“I had the (old mower’s) dealer out and they did everything they could do to try to make it work,” Moore said. “I finally had (a representative) out from the company and he made the comment, ‘Well you’re getting most of (the hay).’ And that didn’t go over real well.”
Moore upgraded to the Vermeer MC3700 mower conditioner and noticed a significant difference
“The Vermeer machine runs a lot easier than the other brand; I’m really pleased with that,” Moore said with an acre-wide smile. “I love that hitch. You back in, the pin drops, hook the power takeoff up, hook
the hoses up and go.”
It’s the simplicity and durability of the MC3700 that Moore said makes all the difference.
“Man, it’s a joy mowing now. The other (mower) you dreaded. Every time you went to the field you knew you’d end up changing a set of belts before you went home. You know, you’re looking at 20 minutes to a half hour to switch out belts, and you need to be mowing,” he said.
After the hay is cut and baled, the finished bales are positioned strategically around the pasture to streamline the feeding process. Steven will roll bales down the hillside to feed up to 100 head at once. This trick, Moore said, has been a real time-saver.
“Once lambing season is over and they go to grass, we check them once a week and it’s just beautiful,” Moore said. “There’s nothing better than to see a bunch of ewes and baby lambs out on green grass playing. That makes you feel good; you can survive another year now!”
The flock is moved every two weeks and checked each Sunday. The varying generations ride out together for the check on horseback as a part of a “family ritual.”
“It’s a little quiet time for us, and we still work everything off horseback. Some of our farm is a little rugged and some of it you couldn’t even ride a four-wheeler or an ATV on it,” Moore said.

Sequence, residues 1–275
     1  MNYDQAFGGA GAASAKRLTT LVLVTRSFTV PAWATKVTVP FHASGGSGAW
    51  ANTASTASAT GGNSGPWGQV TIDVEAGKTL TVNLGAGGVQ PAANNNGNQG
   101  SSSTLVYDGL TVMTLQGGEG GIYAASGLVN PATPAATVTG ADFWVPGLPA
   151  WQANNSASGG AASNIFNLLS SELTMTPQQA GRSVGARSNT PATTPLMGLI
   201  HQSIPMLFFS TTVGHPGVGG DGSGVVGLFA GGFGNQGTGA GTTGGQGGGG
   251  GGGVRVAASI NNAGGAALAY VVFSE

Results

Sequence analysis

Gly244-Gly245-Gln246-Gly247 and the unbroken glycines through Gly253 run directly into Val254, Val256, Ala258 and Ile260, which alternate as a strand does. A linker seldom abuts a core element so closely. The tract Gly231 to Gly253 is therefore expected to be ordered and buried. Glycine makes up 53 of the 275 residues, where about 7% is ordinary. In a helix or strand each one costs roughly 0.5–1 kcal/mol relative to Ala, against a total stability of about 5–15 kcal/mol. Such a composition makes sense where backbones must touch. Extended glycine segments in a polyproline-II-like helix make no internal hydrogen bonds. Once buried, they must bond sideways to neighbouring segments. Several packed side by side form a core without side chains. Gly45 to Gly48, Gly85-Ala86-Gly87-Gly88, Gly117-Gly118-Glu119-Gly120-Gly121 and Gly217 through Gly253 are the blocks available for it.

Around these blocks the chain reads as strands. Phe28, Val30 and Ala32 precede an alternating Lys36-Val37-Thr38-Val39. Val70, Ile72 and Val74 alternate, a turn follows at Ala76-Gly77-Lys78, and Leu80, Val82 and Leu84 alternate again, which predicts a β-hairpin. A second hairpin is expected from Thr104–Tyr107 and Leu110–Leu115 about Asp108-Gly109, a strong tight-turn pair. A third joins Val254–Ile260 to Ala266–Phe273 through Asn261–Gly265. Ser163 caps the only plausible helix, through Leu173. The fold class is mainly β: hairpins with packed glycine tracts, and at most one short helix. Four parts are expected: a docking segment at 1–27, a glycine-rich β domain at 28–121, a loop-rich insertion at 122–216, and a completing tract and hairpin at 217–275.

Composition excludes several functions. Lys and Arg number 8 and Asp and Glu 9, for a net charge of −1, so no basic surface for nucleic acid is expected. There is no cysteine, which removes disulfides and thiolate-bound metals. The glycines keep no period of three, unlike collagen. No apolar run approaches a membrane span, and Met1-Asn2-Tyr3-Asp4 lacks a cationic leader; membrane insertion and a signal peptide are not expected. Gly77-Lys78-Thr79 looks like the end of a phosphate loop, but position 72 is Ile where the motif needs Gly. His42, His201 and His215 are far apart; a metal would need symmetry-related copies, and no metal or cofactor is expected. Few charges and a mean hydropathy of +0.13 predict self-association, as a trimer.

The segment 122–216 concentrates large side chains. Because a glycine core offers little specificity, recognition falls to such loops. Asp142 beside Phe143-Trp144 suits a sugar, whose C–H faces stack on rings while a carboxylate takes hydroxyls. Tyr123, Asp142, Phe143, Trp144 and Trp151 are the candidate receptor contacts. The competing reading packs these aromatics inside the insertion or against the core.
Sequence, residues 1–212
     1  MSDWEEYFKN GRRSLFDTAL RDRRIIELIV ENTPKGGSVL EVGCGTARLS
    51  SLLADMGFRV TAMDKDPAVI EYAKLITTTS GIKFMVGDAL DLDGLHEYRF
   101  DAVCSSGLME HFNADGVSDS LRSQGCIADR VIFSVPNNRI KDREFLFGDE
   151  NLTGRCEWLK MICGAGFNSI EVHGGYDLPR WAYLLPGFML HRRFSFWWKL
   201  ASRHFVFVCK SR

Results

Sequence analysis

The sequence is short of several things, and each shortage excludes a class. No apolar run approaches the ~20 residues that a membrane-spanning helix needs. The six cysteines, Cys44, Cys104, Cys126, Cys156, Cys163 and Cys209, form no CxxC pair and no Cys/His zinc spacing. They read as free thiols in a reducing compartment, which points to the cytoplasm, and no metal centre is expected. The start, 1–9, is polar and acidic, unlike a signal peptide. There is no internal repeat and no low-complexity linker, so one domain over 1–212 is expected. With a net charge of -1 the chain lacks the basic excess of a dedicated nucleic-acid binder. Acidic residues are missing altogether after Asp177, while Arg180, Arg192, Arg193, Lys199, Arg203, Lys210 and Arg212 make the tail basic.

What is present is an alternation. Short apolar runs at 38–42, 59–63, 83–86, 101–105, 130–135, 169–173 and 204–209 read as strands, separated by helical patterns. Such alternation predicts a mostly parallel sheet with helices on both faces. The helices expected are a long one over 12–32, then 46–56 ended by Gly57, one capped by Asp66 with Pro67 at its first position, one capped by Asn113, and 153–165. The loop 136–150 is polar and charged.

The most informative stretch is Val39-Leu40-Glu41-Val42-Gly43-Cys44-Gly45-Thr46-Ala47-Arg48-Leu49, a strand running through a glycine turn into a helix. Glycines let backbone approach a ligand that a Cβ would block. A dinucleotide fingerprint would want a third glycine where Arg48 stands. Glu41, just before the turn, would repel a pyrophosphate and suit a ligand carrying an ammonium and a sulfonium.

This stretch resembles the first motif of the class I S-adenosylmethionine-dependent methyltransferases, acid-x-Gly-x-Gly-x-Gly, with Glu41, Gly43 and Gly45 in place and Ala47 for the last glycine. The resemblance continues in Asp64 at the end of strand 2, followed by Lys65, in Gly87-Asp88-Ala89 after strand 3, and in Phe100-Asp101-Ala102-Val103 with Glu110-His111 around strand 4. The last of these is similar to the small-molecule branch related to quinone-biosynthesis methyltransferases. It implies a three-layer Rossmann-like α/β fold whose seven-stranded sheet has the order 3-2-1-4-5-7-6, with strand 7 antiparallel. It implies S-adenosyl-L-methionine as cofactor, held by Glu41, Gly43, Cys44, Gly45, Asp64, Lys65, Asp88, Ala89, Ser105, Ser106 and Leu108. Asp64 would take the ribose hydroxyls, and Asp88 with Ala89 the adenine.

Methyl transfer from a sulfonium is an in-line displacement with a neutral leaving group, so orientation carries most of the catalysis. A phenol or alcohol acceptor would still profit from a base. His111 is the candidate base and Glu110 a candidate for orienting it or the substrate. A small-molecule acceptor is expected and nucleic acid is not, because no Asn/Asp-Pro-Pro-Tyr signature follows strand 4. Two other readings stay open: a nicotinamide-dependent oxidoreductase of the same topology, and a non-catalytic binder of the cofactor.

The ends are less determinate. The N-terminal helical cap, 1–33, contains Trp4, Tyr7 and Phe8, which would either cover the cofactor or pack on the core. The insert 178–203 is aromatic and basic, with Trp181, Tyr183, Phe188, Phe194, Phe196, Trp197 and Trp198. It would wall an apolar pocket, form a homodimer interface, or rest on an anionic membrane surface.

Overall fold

"I love that hitch. You back in, the pin drops, hook the power takeoff up, hook the hoses up and go."
When it comes to ewe production, there’s one caretaking task that the Moore clan does not enjoy.
“They are a lot of work; sheering is drudgery,” Moore said. “Steven and I will sheer somewhere between 1,600 and 1,700 head a year in amongst everything else we do — it’s very labor intensive. We don’t enjoy the sheering part.”
According to Moore, Cottage Hill Farm starts with a purebred Merino ewe and breeds them with a Dorset ram to create a hybrid. The combination results in a finer wool from the Merino genetics and better milking and mothering instinct from the Dorset genetics. These resulting half-blood ewes are then crossed with a black-faced Suffolk ram to create their marketed lambs. By breeding this way, the Moores are able to sell large quantities of “cookie cutter” niche lambs at just the right weight, which is what their buyers want.
“Since sheep are a dual-purpose animal, we try to make money out of both purposes,” Moore said. “We expect to make money on the wool as well as the lambs that are sold. We’re in this for the long haul.”
As for the future of the farmstead, Moore has hopes for another generation to take interest after Steven, but refuses to expect anyone to take over.
“I never think it’s fair to put that kind of pressure on the next generation to keep it going, because if you don’t love it you would hate every day when you got up and went to work,” Moore explained. “I’ve been fortunate that I love what I do and I’ve never had to work a day in my life.”
Although the future may be uncertain, the traditions are safe with the three current generations of the Moore family working on Cottage Hill Farm.
“Each generation has added to the farm; they’ve always kept it going,” Moore said. “If it wasn’t for our ancestors, we wouldn’t be where we are today. (The family) was just looking to make a living and as it turns out we ended up making a bit of a legacy.”